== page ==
According to The Cornell Lab of Ornithology, the roseate spoonbill is the only species of spoonbill found in the Americas, and only one of six species of spoonbills in the world.
Several species of sandpiper are native to the Charleston area. If you see a flock of small birds hunting together along the shore line or flying low over the edge of the water, there is a good chance that these are sandpipers. You can also recognize them by their distinctive “peep” sound, which you’ll often hear by the ocean.
It can be difficult to tell the different species of sandpipers apart. The Least Sandpiper has brown and black feathers with a white underbelly, and its head is fairly upright. The Western Sandpiper has similar coloring, but is more of a hunchback and has a slightly downturned head. The Spotted Sandpiper has more uniform coloring on its wings and back, but develops brown spots on its underbelly as an adult.
7. Snowy Egret
Snowy egrets are the author’s personal favorite of the Charleston shorebirds. They are much smaller than great egrets; and, while they share great egrets’ snow-white plumage, they have short black beaks and distinctive bright yellow feet.
Also similar to great egrets, the National Audubon Society reports that snowy egrets were hunted to near extinction in the 1800s. But, fortunately, today the snowy egret “is now more widespread and common than ever.”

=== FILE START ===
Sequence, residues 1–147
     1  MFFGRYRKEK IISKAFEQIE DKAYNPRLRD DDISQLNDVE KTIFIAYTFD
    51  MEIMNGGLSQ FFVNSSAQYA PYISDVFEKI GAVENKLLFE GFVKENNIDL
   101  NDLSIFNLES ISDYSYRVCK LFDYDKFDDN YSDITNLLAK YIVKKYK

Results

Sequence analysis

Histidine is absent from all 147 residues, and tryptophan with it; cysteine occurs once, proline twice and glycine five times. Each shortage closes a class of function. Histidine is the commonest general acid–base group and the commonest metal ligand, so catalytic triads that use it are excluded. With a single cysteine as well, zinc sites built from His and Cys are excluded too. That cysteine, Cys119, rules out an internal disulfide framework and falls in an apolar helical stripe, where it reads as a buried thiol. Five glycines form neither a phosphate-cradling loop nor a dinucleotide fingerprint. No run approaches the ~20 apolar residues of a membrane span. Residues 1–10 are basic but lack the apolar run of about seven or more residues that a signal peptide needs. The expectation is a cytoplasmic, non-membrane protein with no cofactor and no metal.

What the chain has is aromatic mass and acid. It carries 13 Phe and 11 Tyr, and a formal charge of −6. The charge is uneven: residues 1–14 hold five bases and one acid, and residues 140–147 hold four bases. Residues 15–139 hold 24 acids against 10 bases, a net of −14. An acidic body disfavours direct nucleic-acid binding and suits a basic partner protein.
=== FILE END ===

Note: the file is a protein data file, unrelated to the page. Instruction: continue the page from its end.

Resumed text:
Along with their yellow feet, snowy egrets also have distinctive wispy feathers on top of their heads, on their chests, and on the end of their tails. You’ll often see these standing up (or out) or blowing in the wind. Snowy egrets eat a typical Charleston shorebird diet, and lay anywhere from two to six pale blue-green eggs that hatch in 20 to 24 days.
Watching a skimmer feed often makes the author cringe. Skimmers get their name from their method of fishing. At high speed, skimmers swoop down to the water, open their beaks, and let the bottom skim through the water. While it seems like one unexpected stick or piece of floating spartina grass could send a skimmer tumbling, luckily it seems like they know what they’re doing.
Skimmers, also known as black skimmers, have black bodies and wings with white underbellies. But, their most distinctive feature is their beak. Bright orange by the skimmer’s head fading to black about half way down, the skimmer’s beak is larger than that of most birds of their size. The bottom half of the skimmer’s beak (or the lower mandible) is also longer than the top—adding to this Charleston shorebird’s unique appearance and helping it scoop up as much food as possible as it skims the water.